Jerry
Jerry PowerDork
6/17/21 9:20 a.m.

I am very likely buying a Subaru BRZ from someone here soon.  It's on generic OEM wheels though, and that's something (probably the only thing) I'll change.

I looked at Tire Rack this morning before I left to see what some options looked like on the car.  I noticed more than a few had "back order" and only quantities of 1-2-3 with restock in July and August.  Sad panda.

(I could always use suggestions for sizes and offsets though if you're bored.)

eastsideTim
eastsideTim PowerDork
6/17/21 10:14 a.m.

Summit Racing has some 17" 5x100 wheels in stock, and usually ships very fast.

jimbbski
jimbbski SuperDork
6/17/21 11:03 a.m.

i was at Tire Rack last week and a friend needed 1 new tire for a spare and had to choose another brand tire as the one he wanted was out of stock.

He also was looking at a particular size tire  for his car and there were only two brands of tires in that size carried by the Rack.

He was lucky as the one brand he preferred was the one they had in stock.

captdownshift (Forum Supporter)
captdownshift (Forum Supporter) UltimaDork
6/17/21 11:09 a.m.

Supply chains for tires, in particular 200 treadwear and R compounds, in addition to wheels, have been messy the past 12 months. It's not a tire rack issue (And I know that it wasn't really being presented as such) 

wspohn
wspohn SuperDork
6/17/21 11:37 a.m.

Aside from shortages caused by Covid, which will hopefully be sorted out in time, the change in wheel/tire sizing driven by stylists at the automotive manufacturers which have to go to larger and larger diameter wheels trying to make the model stand out despite the fact that it results in increased unsprung weight and theoretically decreased performance means that even fairly new cars have tire sizes that are no longer available in the higher performance levels even 10-15 years after the car's manufacture date.

And for older collector cars, forget about being able to find decent performance rubber in anything close to an OEM size.  I've been waiting for something like a Countach to get into a serious accident and ending up having to battle in court their decision to put much lower rated tires than were originally specified for their car because that is all they could get.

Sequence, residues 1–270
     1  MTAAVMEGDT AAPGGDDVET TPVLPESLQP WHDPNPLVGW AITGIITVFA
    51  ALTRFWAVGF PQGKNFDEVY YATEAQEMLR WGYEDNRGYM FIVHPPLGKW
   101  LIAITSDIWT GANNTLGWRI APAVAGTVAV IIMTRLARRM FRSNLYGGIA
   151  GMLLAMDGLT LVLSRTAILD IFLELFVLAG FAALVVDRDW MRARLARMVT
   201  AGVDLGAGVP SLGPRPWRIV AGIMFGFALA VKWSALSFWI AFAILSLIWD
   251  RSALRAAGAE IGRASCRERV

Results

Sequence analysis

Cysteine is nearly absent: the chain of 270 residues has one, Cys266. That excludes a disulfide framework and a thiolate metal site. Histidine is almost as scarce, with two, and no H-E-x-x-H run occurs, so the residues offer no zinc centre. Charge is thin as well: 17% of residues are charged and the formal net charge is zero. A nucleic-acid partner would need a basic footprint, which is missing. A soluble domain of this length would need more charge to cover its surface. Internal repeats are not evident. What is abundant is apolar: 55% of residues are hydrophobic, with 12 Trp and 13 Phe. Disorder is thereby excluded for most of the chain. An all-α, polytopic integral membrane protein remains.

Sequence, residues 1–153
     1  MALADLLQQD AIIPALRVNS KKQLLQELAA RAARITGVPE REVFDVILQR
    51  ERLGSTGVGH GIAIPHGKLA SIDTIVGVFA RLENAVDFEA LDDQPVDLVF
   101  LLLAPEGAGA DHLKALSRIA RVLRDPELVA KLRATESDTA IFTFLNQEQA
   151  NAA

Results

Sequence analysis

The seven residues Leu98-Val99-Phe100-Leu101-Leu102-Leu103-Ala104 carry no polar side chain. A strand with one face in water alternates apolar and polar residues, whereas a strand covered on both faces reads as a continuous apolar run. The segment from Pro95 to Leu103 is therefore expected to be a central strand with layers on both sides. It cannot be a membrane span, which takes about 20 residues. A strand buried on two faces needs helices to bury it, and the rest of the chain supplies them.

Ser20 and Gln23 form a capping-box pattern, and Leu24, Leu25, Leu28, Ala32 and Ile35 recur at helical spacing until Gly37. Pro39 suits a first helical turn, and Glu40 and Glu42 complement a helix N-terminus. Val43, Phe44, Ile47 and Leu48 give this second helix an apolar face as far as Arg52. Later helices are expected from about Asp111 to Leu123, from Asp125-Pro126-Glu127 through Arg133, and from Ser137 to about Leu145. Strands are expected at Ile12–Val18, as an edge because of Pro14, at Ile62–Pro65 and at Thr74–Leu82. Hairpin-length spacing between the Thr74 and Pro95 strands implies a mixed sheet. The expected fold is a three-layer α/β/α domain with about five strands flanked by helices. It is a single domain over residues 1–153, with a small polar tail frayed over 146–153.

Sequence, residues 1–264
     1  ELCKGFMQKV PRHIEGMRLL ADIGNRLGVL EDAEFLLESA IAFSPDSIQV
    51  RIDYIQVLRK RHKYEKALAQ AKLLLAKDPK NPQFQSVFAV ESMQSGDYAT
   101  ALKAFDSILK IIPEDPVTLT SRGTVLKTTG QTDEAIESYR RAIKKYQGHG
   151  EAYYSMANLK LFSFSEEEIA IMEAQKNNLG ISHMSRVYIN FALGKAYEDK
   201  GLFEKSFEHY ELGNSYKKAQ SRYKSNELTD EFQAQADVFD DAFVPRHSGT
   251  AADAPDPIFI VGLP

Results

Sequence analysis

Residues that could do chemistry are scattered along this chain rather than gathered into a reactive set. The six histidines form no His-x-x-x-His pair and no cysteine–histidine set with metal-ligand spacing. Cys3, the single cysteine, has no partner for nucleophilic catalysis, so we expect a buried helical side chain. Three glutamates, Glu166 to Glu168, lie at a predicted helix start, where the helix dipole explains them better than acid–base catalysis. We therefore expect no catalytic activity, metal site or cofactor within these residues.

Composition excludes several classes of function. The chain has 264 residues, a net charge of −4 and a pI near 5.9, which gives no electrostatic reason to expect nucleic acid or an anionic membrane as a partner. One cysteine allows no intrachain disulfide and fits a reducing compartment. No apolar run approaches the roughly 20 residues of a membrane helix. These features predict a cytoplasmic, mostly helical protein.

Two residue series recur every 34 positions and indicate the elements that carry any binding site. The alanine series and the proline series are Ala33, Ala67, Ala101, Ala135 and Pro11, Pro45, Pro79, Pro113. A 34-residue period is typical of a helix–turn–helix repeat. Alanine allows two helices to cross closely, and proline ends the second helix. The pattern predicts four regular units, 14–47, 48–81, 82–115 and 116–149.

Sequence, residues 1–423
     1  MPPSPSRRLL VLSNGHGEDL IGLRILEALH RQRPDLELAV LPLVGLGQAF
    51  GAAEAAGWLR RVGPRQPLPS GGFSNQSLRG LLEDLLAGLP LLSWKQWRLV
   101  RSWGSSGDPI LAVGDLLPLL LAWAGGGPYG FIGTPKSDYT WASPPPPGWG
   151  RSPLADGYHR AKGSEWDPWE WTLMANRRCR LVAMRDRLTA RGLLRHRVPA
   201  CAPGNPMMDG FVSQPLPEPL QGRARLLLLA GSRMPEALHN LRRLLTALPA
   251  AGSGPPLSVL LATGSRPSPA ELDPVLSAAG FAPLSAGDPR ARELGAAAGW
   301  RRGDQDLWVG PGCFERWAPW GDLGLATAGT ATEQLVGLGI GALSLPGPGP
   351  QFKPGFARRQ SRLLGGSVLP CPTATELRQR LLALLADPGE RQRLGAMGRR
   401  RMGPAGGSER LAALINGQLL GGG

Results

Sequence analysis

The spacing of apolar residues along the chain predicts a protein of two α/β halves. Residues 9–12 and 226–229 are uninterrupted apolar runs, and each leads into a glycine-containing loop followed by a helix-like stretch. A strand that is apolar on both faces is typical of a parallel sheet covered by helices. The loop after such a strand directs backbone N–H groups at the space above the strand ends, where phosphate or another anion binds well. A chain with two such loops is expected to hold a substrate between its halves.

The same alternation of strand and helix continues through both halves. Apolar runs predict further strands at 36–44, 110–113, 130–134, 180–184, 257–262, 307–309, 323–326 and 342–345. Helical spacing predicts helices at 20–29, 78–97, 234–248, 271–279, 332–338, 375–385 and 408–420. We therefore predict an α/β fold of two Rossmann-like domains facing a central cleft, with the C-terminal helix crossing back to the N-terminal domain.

Forget about anything really good in a 15" today.

Keith Tanner
Keith Tanner GRM+ Memberand MegaDork
6/17/21 11:39 a.m.

In reply to wspohn :

A lot of good 200 TW and R comp options are available in 15". 16" is actually more of a problem. 

And you can get Countach tires. They do a run every few years. Even the big LM off-roader. 

Tire Rack does order seasonally. The 200TW tires come in during the spring and are sold out by fall. Winter tires are similar - once you're deep into winter, supplies are low and there aren't any more coming. They don't want to get holding aging inventory for three seasons. 

Jerry
Jerry PowerDork
6/17/21 11:55 a.m.

Oh I didn't even get into tires yet, the wheels were the ones out of stock.

¯\_(ツ)_/¯
¯\_(ツ)_/¯ PowerDork
6/17/21 11:58 a.m.

In reply to Jerry :

Personally, I'd be looking for some used RPF1s, probably 8.5 or 9" wide.  If spacers don't scare you that opens up the whole world of slightly higher WRX offsets that you can space out appropriately.  I think 17x9" and around 40mm offset is supposed to be the ideal.